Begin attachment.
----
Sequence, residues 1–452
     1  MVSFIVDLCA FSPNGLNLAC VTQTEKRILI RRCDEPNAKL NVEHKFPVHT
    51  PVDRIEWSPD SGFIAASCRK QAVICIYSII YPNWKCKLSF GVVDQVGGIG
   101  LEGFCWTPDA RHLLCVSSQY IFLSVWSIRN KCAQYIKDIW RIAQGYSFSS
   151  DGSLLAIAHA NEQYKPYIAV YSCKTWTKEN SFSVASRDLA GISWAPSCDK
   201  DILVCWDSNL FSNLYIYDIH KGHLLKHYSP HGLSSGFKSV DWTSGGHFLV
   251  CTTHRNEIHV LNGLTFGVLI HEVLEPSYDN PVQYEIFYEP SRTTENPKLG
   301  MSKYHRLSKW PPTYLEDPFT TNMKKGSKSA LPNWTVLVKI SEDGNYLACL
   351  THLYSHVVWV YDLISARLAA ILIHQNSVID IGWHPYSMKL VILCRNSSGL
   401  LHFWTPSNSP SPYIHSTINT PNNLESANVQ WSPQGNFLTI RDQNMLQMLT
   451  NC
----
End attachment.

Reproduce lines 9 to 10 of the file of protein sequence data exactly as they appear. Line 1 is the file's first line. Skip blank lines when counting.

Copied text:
   351  THLYSHVVWV YDLISARLAA ILIHQNSVID IGWHPYSMKL VILCRNSSGL
   401  LHFWTPSNSP SPYIHSTINT PNNLESANVQ WSPQGNFLTI RDQNMLQMLT